Nate McCarthy ‘20

Nate talks about why he chose Quest, how he became editor of The Mark, and “explains his Question, “Are you f$%@*&# kidding me?”

Q: Why Quest?

A: Before I set foot on campus, the physical location seemed incredibly interesting. I stopped by a Quest booth during a college fair, and was impressed by the holistic approach to education, small class size and focus on academic mentorship. I stayed at the booth for 30 minutes discussing Quest, while I only spent three minutes or less at every other university’s booth. I wanted to study where my voice could be heard. Quest fosters a sense of validation in the classroom. And, you’ll never find a more beautiful place.

What is your question?

My question is, “Are you f$%@*&# kidding me?” which probably needs some explanation.

With focus in political anthropology and urban geography, I study the development of political culture and demographics, and how this informs institutionalized narratives. My point is to embody the emotional and reactive nature of political discourse in North America. I wanted to ask something that I, and many others, think.

What is your plan for your Keystone?

For now, the plan is to map the impact of Amazon on urbanization in Seattle as the company has grown over the past decade. Using census data, I want to understand which bodies are displaced through the physical and financial expansion of the company, and how the political climate has been altered in accordance and response.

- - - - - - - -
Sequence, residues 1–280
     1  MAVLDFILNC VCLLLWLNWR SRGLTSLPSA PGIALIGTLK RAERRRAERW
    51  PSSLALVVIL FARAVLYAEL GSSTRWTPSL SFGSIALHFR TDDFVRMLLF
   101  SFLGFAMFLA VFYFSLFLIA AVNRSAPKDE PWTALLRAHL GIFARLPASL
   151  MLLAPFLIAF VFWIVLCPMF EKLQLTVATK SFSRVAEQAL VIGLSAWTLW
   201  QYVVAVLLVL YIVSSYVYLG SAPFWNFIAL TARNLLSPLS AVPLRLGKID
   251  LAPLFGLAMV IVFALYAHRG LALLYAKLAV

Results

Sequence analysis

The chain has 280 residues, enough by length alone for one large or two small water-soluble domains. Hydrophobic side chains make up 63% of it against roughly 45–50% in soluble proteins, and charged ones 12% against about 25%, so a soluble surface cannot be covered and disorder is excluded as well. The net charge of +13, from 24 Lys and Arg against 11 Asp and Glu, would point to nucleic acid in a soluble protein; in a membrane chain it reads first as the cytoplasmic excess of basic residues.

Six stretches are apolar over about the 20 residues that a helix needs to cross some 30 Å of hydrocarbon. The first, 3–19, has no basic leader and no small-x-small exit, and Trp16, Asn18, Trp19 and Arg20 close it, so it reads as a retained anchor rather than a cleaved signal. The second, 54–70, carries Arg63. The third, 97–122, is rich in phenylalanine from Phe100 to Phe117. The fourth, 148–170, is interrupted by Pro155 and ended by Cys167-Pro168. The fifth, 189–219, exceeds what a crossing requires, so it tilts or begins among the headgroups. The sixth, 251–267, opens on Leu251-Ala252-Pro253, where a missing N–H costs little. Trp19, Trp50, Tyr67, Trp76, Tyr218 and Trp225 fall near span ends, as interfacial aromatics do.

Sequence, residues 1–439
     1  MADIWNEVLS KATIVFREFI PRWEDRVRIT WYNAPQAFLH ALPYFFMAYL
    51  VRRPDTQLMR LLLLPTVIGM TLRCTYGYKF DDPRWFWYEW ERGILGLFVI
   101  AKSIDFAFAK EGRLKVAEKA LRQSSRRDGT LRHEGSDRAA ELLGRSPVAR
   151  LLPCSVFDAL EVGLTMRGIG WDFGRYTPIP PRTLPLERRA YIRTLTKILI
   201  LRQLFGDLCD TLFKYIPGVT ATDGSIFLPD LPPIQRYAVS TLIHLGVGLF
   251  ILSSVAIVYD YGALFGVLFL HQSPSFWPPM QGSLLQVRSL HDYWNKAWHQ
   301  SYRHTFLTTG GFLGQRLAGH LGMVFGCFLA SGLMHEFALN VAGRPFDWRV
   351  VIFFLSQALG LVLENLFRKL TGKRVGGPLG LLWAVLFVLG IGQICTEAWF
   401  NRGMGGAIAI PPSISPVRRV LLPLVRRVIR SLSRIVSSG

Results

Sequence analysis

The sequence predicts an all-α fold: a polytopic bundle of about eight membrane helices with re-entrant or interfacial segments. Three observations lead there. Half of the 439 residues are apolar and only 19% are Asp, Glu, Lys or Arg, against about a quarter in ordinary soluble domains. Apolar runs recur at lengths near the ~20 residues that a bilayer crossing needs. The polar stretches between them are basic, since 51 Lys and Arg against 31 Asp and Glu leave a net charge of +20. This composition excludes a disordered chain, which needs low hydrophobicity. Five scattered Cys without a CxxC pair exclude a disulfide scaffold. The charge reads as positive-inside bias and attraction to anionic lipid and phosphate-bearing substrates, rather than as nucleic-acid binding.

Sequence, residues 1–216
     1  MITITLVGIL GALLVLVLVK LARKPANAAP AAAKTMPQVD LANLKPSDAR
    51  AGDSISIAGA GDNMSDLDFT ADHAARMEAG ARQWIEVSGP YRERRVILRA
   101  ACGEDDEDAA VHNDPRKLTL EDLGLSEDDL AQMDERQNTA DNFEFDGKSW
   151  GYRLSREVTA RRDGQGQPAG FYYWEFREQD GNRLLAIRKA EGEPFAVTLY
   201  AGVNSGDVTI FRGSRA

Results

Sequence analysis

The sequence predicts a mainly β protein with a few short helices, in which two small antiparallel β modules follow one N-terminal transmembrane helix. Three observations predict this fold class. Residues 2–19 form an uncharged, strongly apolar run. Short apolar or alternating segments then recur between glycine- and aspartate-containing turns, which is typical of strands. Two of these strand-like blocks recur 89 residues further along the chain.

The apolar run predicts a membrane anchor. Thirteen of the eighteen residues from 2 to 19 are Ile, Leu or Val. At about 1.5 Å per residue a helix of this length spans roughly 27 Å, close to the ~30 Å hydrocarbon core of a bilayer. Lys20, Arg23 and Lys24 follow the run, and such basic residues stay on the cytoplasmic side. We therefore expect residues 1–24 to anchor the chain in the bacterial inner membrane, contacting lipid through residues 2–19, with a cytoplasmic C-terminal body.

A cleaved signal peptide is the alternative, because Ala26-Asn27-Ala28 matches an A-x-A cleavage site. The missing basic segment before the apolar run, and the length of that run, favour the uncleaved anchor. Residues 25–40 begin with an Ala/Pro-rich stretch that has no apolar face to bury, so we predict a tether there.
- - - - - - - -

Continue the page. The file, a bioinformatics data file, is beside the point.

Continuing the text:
You’re editor-in-chief and director of communications and creative content for The Mark student publication. How did you get involved?

My first week at Quest was spent wide-eyed. Following a Facebook post, I went to a Mark meeting and was greeted by upper-year students who struck me with their intelligence and wit. I decided to stick around and try my hand at writing an article. My mom is a journalist, too, so it seemed like a safe social entry point into Quest’s community. After their graduation, I felt a bit of a gap at The Mark. I was one of a handful of people remaining, and I assumed one of three editor-in-chief roles, along with the role of director of communications and creative content. I’m also a floor rep for one of the student residences, and last year I helped to organize the Dancing Bear Music & Arts Festival.

What are your plans after earning your degree at Quest?

I intend to pursue a graduate degree in Urban Geography, and maybe one day I’ll come back to teach a course at Quest.

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